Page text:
For the last post in Nick’s series on the “Syntax of Salvation,” click here.

“…to be known by God signifieth to be approved and loved by him, and consequently that all our concerns are perfectly known to him and regarded by him. This is the full and final comfort of a believer.” (Richard Baxter, Practical Works, Vol. 15, p. 285)

In this penultimate post on the biblical theme of being “known by God,” consider one more practical function this reality plays in the Christian life: fostering a deep sense of comfort and security before God (cf. Psalm 139:1-6, 23-24; 142:1-4). I have in mind three men—two biblical, the other modern—who served as living illustrations of the kind of comfort and reassurance that being known by God can create. In the midst of traumatic uncertainty and significant doubt regarding their own character or calling or worthiness, each of these believers asked the same question: who am I? Each resolved the dilemma with remarkably similar responses of faith: I am one who is known by God. For them it was a miracle of grace that we are known by God even (especially?) in those seasons and situations of existence when our agnosticism is primarily self-directed—that is, when we do not know or understand ourselves. For God is greater than our hearts, and knows all things. And that includes me, when I don’t know me.  Got it?

In Exodus 3, Moses responds to God’s appointment of him to be the Lord’s own ambassador in Egypt with this: “Who am I that I should go to Pharaoh and bring the children of Israel out of Egypt?’ He said, ‘But I will be with you, and this shall be the sign for you, that I have sent you: when you have brought the people out of Egypt, you shall serve God on this mountain.’” (3:11-12). Moses’ own hesitation and lack of self-knowledge is met with the remedy of God’s covenant presence. God will be with Him, always. And as we learn later, above all else this is the God who knows Moses by name (Exodus 33:12-23, Deuteronomy 34:9-12). Moses was known, even when he did not know himself.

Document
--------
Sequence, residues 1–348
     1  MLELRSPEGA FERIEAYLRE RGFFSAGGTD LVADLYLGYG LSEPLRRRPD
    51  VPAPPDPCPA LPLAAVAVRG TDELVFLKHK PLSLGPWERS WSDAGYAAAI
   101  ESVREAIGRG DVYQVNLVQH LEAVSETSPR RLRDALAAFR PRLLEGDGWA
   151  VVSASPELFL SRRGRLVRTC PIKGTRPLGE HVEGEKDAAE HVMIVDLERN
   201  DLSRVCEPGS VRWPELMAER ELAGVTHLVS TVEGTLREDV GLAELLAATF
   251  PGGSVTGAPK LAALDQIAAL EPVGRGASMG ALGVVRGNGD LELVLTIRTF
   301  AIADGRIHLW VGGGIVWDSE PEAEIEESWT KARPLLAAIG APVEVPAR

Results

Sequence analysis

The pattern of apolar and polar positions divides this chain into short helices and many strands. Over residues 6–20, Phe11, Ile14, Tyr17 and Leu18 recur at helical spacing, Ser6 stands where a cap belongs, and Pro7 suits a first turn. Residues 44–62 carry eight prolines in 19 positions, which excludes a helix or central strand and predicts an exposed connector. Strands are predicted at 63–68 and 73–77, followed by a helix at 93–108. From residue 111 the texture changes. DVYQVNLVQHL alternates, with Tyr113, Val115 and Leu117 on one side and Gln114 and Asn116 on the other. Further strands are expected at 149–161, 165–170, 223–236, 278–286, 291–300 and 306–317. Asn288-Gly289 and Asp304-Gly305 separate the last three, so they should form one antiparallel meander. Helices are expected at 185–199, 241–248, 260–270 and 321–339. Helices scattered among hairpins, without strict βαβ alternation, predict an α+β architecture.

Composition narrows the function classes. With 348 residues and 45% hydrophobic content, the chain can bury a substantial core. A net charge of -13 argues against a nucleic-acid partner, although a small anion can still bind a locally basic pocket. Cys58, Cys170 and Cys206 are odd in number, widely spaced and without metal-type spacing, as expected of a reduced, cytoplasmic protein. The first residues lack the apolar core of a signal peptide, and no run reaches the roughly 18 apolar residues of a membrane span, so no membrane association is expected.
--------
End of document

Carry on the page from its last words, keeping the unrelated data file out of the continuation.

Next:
David poses the rhetorical “who am I?” three times in his life. For him this was no fleeting, momentary experience, but rather a recurring sentiment. In I Samuel 18:18, after being offered Saul’s daughter in marriage, David responds: “Who am I, and who are my relatives, my father’s clan in Israel, that I should be son-in-law to the king?” Here, of course, the question’s source is not self-directed agnosticism, but the realization of unworthiness. In II Samuel 7:18-21 (cf. I Chronicles 17:16-18), after requesting to build a house for the Lord (and being turned down), David expresses his astonishment at God’s counter offer—to build a house for David and all his descendants in Israel—with this: “Who am I, O Lord God, and what is my house, that you have brought me thus far? And yet this was a small thing in your eyes, O Lord God. You have spoken also of your servant’s house for a great while to come, and this is instruction for mankind, O Lord God! And what more can David say to you? For you know your servant, O Lord God! Because of your promise, and according to your own heart, you have brought about all this greatness, to make your servant know it.” Finally, in I Chronicles 29:14: “For who am I, and what is my people, that we should be able to thus offer willingly? For all things come from you, and of your own have we given you.” For David, being known by God provided comfort by reminding him of how utterly gracious and free all of God’s goodness to him was. “Who am I?” reveals the stark contrast between God’s glory and greatness and David’s spiritual poverty. All is grace for those who are known by God.